Nine years in the making, Houeida Hedfi’s Fleuves De l’Ame proves to be worth the wait
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  • Post published:07/12/2021
  • Post last modified:07/12/2021

Having hit it off with Hedfi after collaborating on a 2011 compilation showcasing female Tunisian artists, Olof Dreijer of Swedish electronica duo The Knife is on production duty. However, Fleuves De l’Ame couldn’t be further removed from the kind of cheesy culture clash where club-friendly beats are plastered all over suitably ‘exotic’ music forms. Neither does the album bring to mind more respectful musical bridge-building expeditions where ‘Western’ stars engage directly with traditional sounds from remote parts of the globe.

Although the album’s roots are in traditional Tunisian templates, rhythms, and scales, the eight often extensive tracks (all named after major rivers, which is only appropriate – this music really does flow) glide effortlessly between remote corners of the musical world, with minimalist modern classical, ambient soundscapes, electronica, and even free jazz adding to the compelling list of primary ingredients. They also offer startling yet seamless mood swings: some tracks emerge with unhurried, graceful calm, only to become gradually submerged in tension and decibels.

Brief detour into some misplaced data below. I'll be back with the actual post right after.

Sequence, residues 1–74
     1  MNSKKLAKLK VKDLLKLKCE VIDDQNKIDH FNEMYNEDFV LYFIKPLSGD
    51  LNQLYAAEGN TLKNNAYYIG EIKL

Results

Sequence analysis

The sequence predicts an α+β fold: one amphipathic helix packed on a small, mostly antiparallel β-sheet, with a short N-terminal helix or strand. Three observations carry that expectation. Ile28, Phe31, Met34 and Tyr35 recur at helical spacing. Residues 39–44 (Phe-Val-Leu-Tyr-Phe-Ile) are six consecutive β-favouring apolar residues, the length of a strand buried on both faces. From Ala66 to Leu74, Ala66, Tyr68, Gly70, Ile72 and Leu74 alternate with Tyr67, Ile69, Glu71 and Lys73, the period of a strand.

Carried by strings, violin, bouzouki and keyboards, both the subtly epic shapeshifting likes of “Envol de Mekong” (which starts off disarmingly pretty and ends up in an outbreak of grizzly noise not that far removed from drone lords ala Sunn O)))) and more minimalist compositions like the electronically manipulated “Namani Gange” and the blissful balm of “Appel Du Danube” are built on instantly memorable melodies, with subtle mutations of the natural sound of the instruments generated by Dreijer’s sound design adding a layer of ultra-modernity, edge and unpredictability to the proceedings. Hedfi’s roots in stambeli – a percussive afro-arab sufi trance music – claim the spotlight on the hypnotic drum-fest of “Echos de Medjerda” (given a surreally spooky touch by the twitchy flutter of Dreijer’s heavily treated flute), whilst the unhurried progression of the mesmerising 18-minute closer “Chemineminent de Tigre” resolves in a tense free-form freak-out reminiscent of the more abstract offerings of John Coltrane and Charles Mingus.

Listening to this richly textured yet still spontaneous and loose album, you get the impression that after having waited until the age of 27 to start playing music alongside her career as an academic, Hedfi was not in a rush to release her debut solo album until it was just right. She was right to wait: the more deeply you dig in, the more compelling depths Fleuves De l’Ame reveals.

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